Dr. Michos emphasized the great importance in “primordial” prevention! This means that we start as early as possible in preventing ASCVD risk. She specifically noted that it’s not necessarily the magnitude of LDL burden but the duration of exposure that really determines ASCVD risk. Diet and exercise modification cannot be stressed enough! A life on this foundation is key for preventing ASCVD, and should be the cornerstone of our discussions with our patients at every step of the way.
A diet rich in fruits, vegetables, polyunsaturated fats, lean meats and plant-based proteins, plant phytosterols, and fiber can all potentially decrease LDL by 30 – 40 mg/dL! Avoid saturated fats, refined carbs and sweets, and red meat (Grundy, 2018). Patients should engage in moderate-to-vigorous intensity aerobic exercise about 3-4 x per week for 40 minutes each session.
We now have 4 ASCVD risk categories per the 2018 update. These are according to the patient’s 10-year ASCVD risk:
For patients in the “intermediate” risk category, start a moderate-intensity statin based on discussion with the patient and particularly with the presence of risk-enhancing factors (class I recommendation).
For patients in the “borderline” risk category, consider a moderate-intensity statin based on patient discussion and the presence of risk-enhancing factors (class IIb recommendation).
Patients with diabetes mellitus and age between 40 and 75 years require at least a moderate-intensity statin (class I) or high-intensity statin (class IIa with additional risk factors) regardless of ASCVD risk.
Patients with LDL > 190 mg/dL also require a high-intensity statin regardless of ASCVD risk (class I).
What are these risk-enhancing factors specifically? (Grundy, 2018)
Dr. Michos usually checks lipoprotein (Lp) (a) in anyone who has a very strong family or personal history of premature CAD. Lp(a) is genetically-inherited and is worth it to check once in such patients. There might be some targeted therapies for this in the future!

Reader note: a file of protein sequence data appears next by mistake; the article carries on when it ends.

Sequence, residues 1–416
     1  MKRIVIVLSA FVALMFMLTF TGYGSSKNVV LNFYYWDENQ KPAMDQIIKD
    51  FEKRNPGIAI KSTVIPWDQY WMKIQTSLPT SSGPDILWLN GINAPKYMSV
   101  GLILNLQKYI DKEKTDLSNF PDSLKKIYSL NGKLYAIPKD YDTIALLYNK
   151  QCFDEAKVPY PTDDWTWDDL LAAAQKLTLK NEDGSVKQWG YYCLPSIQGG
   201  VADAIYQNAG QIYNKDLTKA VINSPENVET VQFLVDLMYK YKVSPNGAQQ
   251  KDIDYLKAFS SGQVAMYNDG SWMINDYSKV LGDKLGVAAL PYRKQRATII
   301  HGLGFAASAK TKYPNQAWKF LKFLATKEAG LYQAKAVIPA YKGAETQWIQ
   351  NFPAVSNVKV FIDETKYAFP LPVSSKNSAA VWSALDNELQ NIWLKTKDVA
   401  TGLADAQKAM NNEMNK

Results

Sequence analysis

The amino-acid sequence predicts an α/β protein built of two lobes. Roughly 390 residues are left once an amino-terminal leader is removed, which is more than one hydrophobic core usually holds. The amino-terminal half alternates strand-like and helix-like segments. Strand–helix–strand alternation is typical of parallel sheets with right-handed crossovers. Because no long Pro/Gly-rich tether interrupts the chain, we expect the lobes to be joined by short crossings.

She also checks an apolipoprotein B (apoB) level when she is getting close to the appropriate LDL goal. The Friedewald equation which estimates LDL levels is imperfect, and atherogenic particles are important to check to see if you need to escalate therapy.
A more accurate way to risk-stratify your patients is with coronary artery calcium (CAC) scoring, which can be particularly insightful for statin decisions in borderline or intermediate risk patients. It is a far superior marker in refining risk compared to the biomarkers themselves. It has a very strong negative predictive value with the CAC score is zero, which is equivalent to 0.1% per year risk of ASCVD. According to the MESA study (Bertoni, 2016), diabetics with a CAC score of zero had similar event rate as those without diabetes.
The guidelines highlight some select groups of people that CAC scoring could benefit (Grundy, 2018):
Secondary prevention is prevention of further ASCVD after a clinical event (like myocardial infarction, stroke, peripheral arterial or coronary revascularization) has occurred, and is a little less complicated. The two main groups in secondary prevention are “high risk” ASCVD and “stable” ASCVD. These people always get a high intensity statin right off the bat (unless the patient is > 75 years-old in which case it is a IIa recommendation to start moderate or high intensity statin).